The first two days of preliminary investigations into the MS Estonia wreck, which sank back in 1994, were successful. Surveys of the shipwreck and the surrounding seabed were carried out with a fan sonar and the crew received an overview of the condition of the ship.
Rene Arikas, head of the Estonian Safety Investigation Center, said on Friday at 3 p.m. the research of the shipwreck began. The work ended late at night when it was getting dark outside and the work was being stopped by increasing winds and waves.
Arikas confirmed that despite the waves, the data and image quality achieved with the fan sonar are surprisingly good.
The mother research ship Eva-316 docked Finland overnight and the data and processed. On Saturday morning it was possible to return to the scene of the accident.
Arikas said the bow, wedge, and stern of the MS Estonia wreck are clearly distinguishable in the images. It is possible to see the bridge, the superstructure, the rows of windows on the upper decks and the anchor, propeller and other details. Deformations in the middle of the hull are also visible.
"In the area around the ship to the north of the ship, the image shows a ridge, which has probably formed as a result of the ship's sinking," Arikas said. "There is a five to seven-meter canal between the ridge and the hull. A canal has also formed in the stern of the ship. The reason for the canals is that the ship has collapsed south and east from its original position as it lies on a ridge. A total of four smaller and larger collapses can be seen, the last of which occurred during the disposal of the wreck in 1995-1996, when the entire bow and stern, as well as the south part, was covered with geotextile and 300,000 cubic meters of sand was brought to cover the wreck."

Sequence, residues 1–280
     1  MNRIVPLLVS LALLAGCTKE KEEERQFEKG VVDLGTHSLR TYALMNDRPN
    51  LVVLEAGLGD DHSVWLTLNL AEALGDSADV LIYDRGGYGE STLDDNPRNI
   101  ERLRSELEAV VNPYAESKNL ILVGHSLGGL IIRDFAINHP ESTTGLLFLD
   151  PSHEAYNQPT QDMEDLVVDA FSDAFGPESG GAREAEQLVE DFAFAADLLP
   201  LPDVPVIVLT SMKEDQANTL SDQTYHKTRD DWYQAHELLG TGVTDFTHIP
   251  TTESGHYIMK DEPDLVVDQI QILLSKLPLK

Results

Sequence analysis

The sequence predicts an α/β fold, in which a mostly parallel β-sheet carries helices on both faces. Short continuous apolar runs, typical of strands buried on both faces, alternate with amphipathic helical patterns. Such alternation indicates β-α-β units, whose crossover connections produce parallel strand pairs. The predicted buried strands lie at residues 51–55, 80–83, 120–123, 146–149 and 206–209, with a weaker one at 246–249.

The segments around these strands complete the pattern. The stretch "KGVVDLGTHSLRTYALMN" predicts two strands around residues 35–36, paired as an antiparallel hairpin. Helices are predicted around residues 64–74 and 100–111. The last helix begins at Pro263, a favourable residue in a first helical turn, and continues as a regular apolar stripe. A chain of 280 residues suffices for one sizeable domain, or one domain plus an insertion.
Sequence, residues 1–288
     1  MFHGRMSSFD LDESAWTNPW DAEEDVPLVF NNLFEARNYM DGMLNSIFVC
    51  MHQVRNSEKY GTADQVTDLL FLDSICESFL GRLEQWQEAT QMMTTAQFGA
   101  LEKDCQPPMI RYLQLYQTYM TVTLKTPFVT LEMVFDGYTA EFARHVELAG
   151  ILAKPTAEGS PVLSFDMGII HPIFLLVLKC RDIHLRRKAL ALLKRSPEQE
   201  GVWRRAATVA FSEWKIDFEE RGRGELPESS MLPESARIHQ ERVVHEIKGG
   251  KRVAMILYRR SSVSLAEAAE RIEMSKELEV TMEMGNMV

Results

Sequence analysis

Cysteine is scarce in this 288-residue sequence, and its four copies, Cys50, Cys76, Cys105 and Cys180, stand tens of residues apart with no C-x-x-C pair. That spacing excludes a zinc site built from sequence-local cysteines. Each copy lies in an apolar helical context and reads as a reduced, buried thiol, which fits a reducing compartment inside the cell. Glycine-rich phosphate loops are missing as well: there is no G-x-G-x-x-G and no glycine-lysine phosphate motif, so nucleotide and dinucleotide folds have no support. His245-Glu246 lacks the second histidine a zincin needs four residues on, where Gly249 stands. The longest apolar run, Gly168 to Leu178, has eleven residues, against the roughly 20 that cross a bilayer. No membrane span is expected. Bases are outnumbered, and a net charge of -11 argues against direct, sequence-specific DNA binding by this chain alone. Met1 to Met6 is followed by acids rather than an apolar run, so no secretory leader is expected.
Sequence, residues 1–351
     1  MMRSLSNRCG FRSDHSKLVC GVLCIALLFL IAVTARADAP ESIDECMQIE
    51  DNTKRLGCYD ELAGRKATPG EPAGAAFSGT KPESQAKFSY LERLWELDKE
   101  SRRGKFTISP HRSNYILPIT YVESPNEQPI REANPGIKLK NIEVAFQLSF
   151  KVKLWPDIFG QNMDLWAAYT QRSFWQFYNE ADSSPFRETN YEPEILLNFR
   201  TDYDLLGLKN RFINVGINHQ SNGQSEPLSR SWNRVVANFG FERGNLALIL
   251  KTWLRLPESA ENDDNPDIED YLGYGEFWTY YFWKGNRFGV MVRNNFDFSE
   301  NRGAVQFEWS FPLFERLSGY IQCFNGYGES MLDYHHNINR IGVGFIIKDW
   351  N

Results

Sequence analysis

On Saturday, surveys of the entire area were conducted with the bottom profiler. Arikas said that the image shows a cross-section of the central part of the Estonian wreck.
"It can be estimated that the middle of the ship rests on the harder moraine and stern on a softer clay. We have seen from the studies that the middle of the ship is rather taller and deflected. We plan to find out more precisely with the research that will be carried out in the coming days," Arikas said.
On Sunday, Brian Abbott, a Mesotech 3D scanning expert from the United States, joined the team. Apparatus was tested and precision coordinates were prepared for use with Mesotech sonar. The tripod 3D scanner is planned to be relocated from 20 to 25 locations around the wreck to obtain highly accurate measurements of both hull damage and the seabed surrounding the ship.
"After the 3D scanner, we will quickly carry out the initial data processing and use it to decide what the future will be. If the transparency of the water allows, we plan to use an underwater robot in the coming days to study the already known hull deformations - to measure their exact location," Arikas said.
The ferry Estonia, with 989 people on board, sank in a storm while en route from Tallinn to Stockholm on the night of September 28, 1994, killing 852 people from a total of 17 countries. 137 people on board the vessel survived.
It was the worst peacetime shipping disaster in European waters, and the second worst involving a European ship after the Titanic went down in the North Atlantic in 1912.
In 1995, Estonia, Finland and Sweden entered into a peace of the grave agreement, which forbade diving down to the shipwreck.
According to the official accident investigation, the reason for Estonia's sinking was the bow visor having been torn off in rough seas and the ship having been flooded. Rumors of a collision with another vessel or of an explosion have yet to subside.
Editor: Roberta Vaino